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November 21, 2004
Congress Acts To Protect Private Act Of Conscience

Congress passed its $388 billion spending authorization last night, adding in a provision that Democrats in both the House and Senate could not strip from the bill. The amendment punishes government agencies at all levels that act against doctors and insurers who refuse to provide or cover abortions:

Congress made it a little easier for hospitals, insurers and others to refuse to provide or cover abortions. A provision in a $388 billion spending bill passed by the House and Senate on Saturday would block any of the measure's money from going to federal, state or local agencies that act against health care providers and insurers because they don't provide abortions, make abortion referrals or cover them.

"This policy simply states that health care entities should not be forced to provide elective abortions, a practice to which a majority of health care providers object and which they will not perform as a matter of conscience," said Rep. David Weldon, R-Fla., a doctor who sponsored the language.

Nothing in this bill requires doctors or insurers to stop covering or providing elective abortions. It only protects those who do not wish to do so from being targeted by an increasingly intrusive bureaucracy for punishment for acting on their consciences. Needless to say, this has caused a bit of hysteria among those who believe all doctors and insurers should be forced into aborting babies regardless of their personal beliefs:

"Now any business entity can decide to tell doctors working for it they can't give information to women about their right to choose," said Sen. Barbara Boxer, D-Calif.

Many clinics and other providers, in exchange for federal funds, are required to at least tell pregnant women who do not wish to have a child that abortion is among their options. Weldon's language would make it more difficult to enforce that, opponents said.

Nonsense. First of all, doctors who wish to perform abortions can continue to do so. If the company for which they work does not choose to offer that service, the doctors can open their own practices. Doctors have a unique ability to do that (lawyers as well); as a customer-service manager, for instance, I don't have much ability to operate independently. The health-care corporations, clinics, and so on have a right to determine the services they wish to provide, and the government should not be allowed to bully them into violating their own beliefs in providing procedures they see as immoral or unsafe. If their customers dislike this, the customers can find providers to perform these services elsewhere.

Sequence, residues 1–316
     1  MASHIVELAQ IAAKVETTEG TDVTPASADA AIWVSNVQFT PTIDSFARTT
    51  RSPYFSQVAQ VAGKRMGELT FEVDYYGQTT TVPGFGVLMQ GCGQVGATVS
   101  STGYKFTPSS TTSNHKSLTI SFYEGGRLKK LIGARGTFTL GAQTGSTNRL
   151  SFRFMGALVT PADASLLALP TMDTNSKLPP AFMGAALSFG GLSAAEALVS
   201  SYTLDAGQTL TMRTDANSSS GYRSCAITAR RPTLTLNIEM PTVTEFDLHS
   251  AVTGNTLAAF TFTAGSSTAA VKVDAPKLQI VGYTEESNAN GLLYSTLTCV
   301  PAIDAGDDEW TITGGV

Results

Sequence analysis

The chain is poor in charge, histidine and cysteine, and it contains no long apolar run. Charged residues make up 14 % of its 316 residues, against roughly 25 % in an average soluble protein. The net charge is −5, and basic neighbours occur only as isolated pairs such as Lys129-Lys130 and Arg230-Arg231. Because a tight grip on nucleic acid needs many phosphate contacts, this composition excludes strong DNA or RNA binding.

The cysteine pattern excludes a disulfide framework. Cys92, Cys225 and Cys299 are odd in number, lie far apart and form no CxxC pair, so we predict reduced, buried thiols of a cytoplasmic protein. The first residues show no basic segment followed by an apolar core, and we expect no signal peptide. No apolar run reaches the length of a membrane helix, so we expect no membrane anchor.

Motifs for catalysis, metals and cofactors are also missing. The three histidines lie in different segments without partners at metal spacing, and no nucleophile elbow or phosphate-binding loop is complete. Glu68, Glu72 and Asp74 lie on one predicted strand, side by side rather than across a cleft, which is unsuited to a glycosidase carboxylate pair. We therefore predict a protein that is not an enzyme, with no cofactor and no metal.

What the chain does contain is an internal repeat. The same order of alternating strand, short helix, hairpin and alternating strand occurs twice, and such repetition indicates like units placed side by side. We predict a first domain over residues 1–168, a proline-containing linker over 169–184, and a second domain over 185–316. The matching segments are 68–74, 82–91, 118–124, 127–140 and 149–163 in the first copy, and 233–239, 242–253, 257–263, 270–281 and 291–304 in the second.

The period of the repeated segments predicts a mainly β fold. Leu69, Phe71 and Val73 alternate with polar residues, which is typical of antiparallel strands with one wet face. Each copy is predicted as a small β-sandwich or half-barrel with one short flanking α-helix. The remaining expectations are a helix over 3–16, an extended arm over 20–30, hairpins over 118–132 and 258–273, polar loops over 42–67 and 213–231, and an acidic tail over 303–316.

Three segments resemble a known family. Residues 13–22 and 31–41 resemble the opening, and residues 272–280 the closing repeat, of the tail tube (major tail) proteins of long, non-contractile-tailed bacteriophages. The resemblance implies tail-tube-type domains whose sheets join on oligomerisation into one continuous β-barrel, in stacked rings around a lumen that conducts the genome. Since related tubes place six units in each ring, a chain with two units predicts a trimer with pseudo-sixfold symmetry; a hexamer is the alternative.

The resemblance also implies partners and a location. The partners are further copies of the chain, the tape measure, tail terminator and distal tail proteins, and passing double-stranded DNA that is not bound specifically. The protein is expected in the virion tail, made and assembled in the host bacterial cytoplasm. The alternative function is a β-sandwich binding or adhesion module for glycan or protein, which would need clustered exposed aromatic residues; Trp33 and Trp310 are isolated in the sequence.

In truth, pro-choice activists have become alarmed at the decline of abortion providers in the United States, calling it a crisis. Fewer and fewer doctors are willing to provide on-demand abortion; more doctors have become disillusioned with the casual abortions that now total more than 43 million since Roe v Wade. Democrats have paid lip service to making abortion "rare", in Bill Clinton's words, but the reality is that the vast majority of these 43 million dead fetuses were simply inconvenient, a matter of post-conception birth control rather than any health issue on the part of either the mother or the baby. Fewer doctors wish to work in that kind of practice. And abortion activists who have crafted laws that use government to force doctors and health insurers to cover this trade now face the loss of the one lever by which they've pressed the reluctant into service.

The Supreme Court ruled that women have the right to seek an abortion thirty-one years ago. No one has the right to force another person into performing that abortion. Congress made the right decision in adopting the Weldon amendment.

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Posted by Ed Morrissey at November 21, 2004 8:30 AM

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Tracked on November 22, 2004 11:14 AM

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